This is what life after brain surgery is like

27/08/2020 at 12:03 pm | Posted in Uncategorized | Leave a comment
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Nine months after surgery, this is what I’ve learned about brain injury caused by an acoustic neuroma…

Being alive is wonderful and to be appreciated for the miracle it is. Being alive is also often overwhelming. When I get tired, there’s no choice – I have to rest. Overall, I do less, but focus well while I’m doing it. The small daily achievements lead to progress, they really do. Being mindful has become a powerful necessity – it’s essential to stay focused to keep my balance, and also to hear better.

Simple pleasures, like cooking veggie casseroles, or cultivating lush jungle indoor plants, bring sheer enjoyment at my new, slower pace. Patience is a daily lesson, as I understand it takes many months – years – for nerves to mend and new neural pathways to form. Life is sweet and never to be taken for granted.

From brain surgery to book publishing in just seven weeks

11/02/2020 at 3:09 pm | Posted in Uncategorized | 6 Comments
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The universe has given me a major challenge recently. In the first week of January I underwent 10 hours of neurosurgery to remove a benign brain tumour – an acoustic neuroma. In the last week of February my new book, ‘This One is Special’, will be published. It’s a challenge because post-op I’ve had to relearn everything from walking to writing by hand. Book signings are a wobbly prospect!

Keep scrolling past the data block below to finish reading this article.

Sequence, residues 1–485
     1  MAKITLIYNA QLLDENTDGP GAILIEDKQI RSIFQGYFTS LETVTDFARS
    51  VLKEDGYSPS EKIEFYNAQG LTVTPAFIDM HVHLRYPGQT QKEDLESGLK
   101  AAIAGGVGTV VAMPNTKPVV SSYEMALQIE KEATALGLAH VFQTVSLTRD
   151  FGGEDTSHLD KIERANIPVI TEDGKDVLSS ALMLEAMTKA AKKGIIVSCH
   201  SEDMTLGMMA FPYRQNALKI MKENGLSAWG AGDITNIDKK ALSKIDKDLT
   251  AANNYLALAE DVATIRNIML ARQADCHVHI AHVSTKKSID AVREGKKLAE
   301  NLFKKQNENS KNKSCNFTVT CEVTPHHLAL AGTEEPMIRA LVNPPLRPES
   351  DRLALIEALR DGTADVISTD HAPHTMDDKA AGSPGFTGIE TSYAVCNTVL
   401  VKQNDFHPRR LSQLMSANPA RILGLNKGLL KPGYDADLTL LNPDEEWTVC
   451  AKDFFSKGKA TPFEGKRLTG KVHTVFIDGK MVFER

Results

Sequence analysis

I’m thrilled that this story of parenting my profoundly disabled son is about to be more widely shared. I’m relieved that a personal health condition that has dogged me for a decade or more has finally been sorted. And maybe the two events together are teaching me a valuable lesson.

The lesson is that we are not meant to struggle on alone. Over the past few weeks there has been a huge team of surgeons, anaesthetists, nurses, therapists and other medical staff helping me to better health. I feel deeply grateful to them all – and to the family and friends who have supported me throughout.

As a parent-carer of a young person with profound and multiple learning disabilities I know that statistically I’m a candidate for greater stress and ill health.

No one knows why I developed a tumour. It happened very slowly, rather like the pearl in an oyster grows incrementally in smooth layers around a grain of sand or some other irritant. Maybe it was genetic, or just ‘one of those things’. I choose to believe that it was my personal reminder that illness doesn’t discriminate – we are all candidates for something.

In my family, Tim has been ‘the poorly one’. He is the one who has spent over 100 days in intensive care, and has had investigations in a bewildering number of hospitals. Maybe it’s someone else’s turn. If so, I’m not sorry it’s been me. Brain surgery has consequences that mean I’ll never be the same. I still feel as wobbly as a foal. But compared with Tim’s experiences of critical illness, my surgery has honestly not been that bad, as I hope you can tell from the pic below, taken just five days after the event. Here’s to a healthy 2020!

You can pre-order ‘This One is Special’ here.

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